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Lúcio Flávio de Magalhães Brito, Douglas Magagna, in Clinical Engineering Handbook, 2004

Typical Cycle Curve

A typical steam sterilization cycle is shown in Figure 114-1. The data in Figure 114-1 were obtained with a data acquisition system during an inspection and document the performance of the equipment at a particular sterilization cycle configuration. An array of temperature sensors should be placed as follows:

Figure 114-1. Typical steam strerilization cycle.

Establish three imaginary planes parallel to the frontal plane of the chamber.

In the case of a square chamber, the imaginary plane

will make intersection with the four corners inside the same, defining other 4 points.

Place one sensor at each point of the corner, 12 (4 inches the front plane, 4 inches the plane of the middle, and 4 inches the plane of the bottom).

One sensor is placed at the coldest point of the chamber, typically the drain.

The last sensor is placed in the geometric center of the chamber.

The data thus obtained allow calculating the equivalent time; the Fo-value; and the differences between the maximum and center temperatures, between lower and center temperatures, and between lower and maxim temperatures. The analysis of these data enables the assessment of the performance of the cycle.

To create specific parameters for different types of loads, it is necessary to use the concept of Fo-value (i.e., the lethality of the cycle expressed in terms of the equivalent time), in minutes, at a temperature of 121C with reference to microorganisms possessing a Z-value (see Glossary) of 10°C.

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Engineering Fundamentals of Biotechnology

M. Berovič, in Comprehensive Biotechnology (Second Edition), 2011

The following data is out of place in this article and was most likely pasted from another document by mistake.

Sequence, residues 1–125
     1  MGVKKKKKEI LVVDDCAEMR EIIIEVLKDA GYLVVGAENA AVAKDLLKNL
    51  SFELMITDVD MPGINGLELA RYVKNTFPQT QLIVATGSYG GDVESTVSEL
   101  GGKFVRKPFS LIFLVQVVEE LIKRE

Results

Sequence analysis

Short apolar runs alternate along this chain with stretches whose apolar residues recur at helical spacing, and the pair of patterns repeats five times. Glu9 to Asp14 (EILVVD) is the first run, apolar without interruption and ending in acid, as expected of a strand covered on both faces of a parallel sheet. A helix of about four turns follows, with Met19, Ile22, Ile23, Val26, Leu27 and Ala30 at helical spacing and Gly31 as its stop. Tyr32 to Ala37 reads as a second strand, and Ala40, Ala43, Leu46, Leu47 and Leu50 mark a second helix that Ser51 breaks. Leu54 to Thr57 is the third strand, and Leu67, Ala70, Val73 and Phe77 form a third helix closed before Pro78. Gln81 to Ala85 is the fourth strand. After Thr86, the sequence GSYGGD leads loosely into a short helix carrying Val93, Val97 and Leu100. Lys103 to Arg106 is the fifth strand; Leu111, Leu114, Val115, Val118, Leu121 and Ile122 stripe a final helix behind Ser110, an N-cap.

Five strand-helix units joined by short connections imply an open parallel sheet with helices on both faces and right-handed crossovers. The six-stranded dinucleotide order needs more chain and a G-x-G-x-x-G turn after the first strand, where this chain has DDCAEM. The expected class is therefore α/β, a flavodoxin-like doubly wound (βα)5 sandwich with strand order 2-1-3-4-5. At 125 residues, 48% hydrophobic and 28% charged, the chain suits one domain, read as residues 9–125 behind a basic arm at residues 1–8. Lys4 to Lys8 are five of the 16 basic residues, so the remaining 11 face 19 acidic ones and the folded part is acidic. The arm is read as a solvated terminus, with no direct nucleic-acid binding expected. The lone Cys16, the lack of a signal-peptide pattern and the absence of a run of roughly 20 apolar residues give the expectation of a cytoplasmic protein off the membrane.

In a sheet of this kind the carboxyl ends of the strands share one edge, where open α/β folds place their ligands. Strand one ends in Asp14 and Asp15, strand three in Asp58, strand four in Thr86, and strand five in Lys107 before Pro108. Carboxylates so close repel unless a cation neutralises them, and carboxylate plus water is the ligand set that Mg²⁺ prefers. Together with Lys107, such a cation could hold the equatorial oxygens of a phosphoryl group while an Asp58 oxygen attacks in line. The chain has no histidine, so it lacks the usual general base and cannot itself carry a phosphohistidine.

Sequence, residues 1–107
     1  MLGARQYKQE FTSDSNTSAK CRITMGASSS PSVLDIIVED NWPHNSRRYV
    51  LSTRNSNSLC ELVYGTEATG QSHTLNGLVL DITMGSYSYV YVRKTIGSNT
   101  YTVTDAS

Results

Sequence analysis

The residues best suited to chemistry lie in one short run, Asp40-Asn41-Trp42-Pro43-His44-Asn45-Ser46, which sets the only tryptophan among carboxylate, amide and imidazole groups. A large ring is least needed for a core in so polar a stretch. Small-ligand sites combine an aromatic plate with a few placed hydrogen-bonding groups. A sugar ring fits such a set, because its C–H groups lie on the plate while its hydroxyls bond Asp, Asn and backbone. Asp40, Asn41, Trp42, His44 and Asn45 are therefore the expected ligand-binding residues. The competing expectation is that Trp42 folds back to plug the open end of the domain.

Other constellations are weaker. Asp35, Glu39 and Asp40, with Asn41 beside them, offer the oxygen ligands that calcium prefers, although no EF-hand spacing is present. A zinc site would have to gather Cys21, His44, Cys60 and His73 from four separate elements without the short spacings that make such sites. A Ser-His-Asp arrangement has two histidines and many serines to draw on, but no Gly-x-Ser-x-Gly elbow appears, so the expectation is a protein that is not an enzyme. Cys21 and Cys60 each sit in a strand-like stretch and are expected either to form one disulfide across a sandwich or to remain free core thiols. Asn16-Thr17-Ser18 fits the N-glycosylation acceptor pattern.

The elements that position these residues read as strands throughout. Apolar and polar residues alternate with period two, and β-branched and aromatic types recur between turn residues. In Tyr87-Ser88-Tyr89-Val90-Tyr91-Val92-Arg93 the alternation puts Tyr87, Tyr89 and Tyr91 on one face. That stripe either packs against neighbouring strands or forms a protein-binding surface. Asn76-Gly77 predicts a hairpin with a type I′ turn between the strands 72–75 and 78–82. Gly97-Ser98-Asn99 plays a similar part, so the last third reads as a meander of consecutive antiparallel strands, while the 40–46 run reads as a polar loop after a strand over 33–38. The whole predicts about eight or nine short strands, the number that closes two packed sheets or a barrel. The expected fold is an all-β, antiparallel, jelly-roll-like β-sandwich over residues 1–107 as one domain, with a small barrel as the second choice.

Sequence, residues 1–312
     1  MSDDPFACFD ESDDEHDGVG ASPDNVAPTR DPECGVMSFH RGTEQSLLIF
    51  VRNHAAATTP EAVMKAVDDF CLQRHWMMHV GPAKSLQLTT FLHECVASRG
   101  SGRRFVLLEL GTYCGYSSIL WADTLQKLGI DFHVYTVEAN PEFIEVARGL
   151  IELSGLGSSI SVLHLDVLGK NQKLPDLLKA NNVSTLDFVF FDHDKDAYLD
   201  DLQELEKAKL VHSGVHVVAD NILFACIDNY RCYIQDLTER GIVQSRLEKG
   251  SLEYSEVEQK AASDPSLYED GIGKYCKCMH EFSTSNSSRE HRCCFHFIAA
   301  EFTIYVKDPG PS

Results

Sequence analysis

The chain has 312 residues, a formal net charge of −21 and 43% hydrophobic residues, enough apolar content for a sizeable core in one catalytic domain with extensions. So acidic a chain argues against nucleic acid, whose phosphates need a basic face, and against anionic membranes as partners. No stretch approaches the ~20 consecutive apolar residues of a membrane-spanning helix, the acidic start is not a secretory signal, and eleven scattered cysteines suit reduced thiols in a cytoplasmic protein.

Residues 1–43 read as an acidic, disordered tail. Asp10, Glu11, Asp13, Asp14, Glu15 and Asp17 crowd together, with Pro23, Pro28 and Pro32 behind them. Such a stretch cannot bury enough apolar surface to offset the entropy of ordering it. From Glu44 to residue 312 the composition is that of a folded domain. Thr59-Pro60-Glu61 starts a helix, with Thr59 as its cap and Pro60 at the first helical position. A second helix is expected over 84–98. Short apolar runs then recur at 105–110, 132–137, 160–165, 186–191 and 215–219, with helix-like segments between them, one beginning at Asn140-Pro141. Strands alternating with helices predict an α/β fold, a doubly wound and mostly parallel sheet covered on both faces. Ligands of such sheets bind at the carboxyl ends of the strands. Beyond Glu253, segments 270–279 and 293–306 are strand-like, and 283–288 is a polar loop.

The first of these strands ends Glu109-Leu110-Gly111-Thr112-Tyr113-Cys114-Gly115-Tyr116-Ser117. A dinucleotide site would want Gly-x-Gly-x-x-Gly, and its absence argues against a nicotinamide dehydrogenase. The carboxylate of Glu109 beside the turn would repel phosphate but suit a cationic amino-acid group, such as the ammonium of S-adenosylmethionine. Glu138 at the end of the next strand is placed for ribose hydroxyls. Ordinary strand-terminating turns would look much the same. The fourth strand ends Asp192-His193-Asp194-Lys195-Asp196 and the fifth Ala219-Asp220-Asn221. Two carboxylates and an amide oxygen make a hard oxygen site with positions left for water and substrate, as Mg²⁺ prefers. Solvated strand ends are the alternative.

2.12.6 Validation of Sterilization

The validation of a steam sterilization process requires careful planning. It is possible to validate in two ways: either directly, using media, or indirectly, using temperature and pressure requirements. Each has certain advantages. Validating sterilization directly involves sterilizing the equipment, followed by sterile filling with a standard medium such as tryptone soy broth (TSB), and then incubating this for 7–14 days. If the TSB is sterile at the end of this period, the initial vessel sterilization can be said to have been successful.

The number of external thermocouples to be used should be appropriate to the size and complexity of the item being sterilized. The number of these thermocouples is best kept to a minimum, as they all must be calibrated before and after the validation. The number of points using the surface contact thermometer can be totally flexible. The surface contact thermometer used must be the fast-response type, otherwise good temperature measurements cannot be obtained. A rule of thumb for external temperatures is that if the required internal temperature is 121 °C, the external temperature should be greater than 115 °C. However, it is advisable to do some tests on typical areas of the plant to check this. Insulation of the line affects the differential. The pressure gauge, if fitted, provides a useful cross check to the temperature data [16, 17].

All equipment used for validation should be calibrated to a traceable standard before and after the validation exercise, and these calibration certificates should be enclosed with the validation report. The general acceptance criteria include internal temperature greater than 121 °C; external temperature greater than 115 °C; and pressure greater than 1.1 atm. These figures must be maintained for the whole of the sterilization period, and no drop must be seen [7, 10, 12].

Validation of a sterilizing filtration process is critical since it is impossible with the currently available technology to measure the sterility of each filled container; therefore, sterility assurance of the filtered product must be achieved through validation of the filtration process. Validating a pharmaceutical sterile filtration process involves three things: determining the effect of the liquid on the filter, determining the effect of the filter on the liquid, and demonstrating that the filter removes all microorganisms from the liquid under actual processing conditions [38].

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Overview of medical device processing

Muhammad Sadeque, Saravana Kumar Balachandran, in Trends in Development of Medical Devices, 2020

10.4 Sterilization specifications6

For sterilizing, a number of physical and chemical processes can be used, such as steam sterilization, dry heat sterilization, and chemical sterilization. It is also important to distinguish between sterilization and cleaning. Without a cleaning process, sterilization cannot be achieved.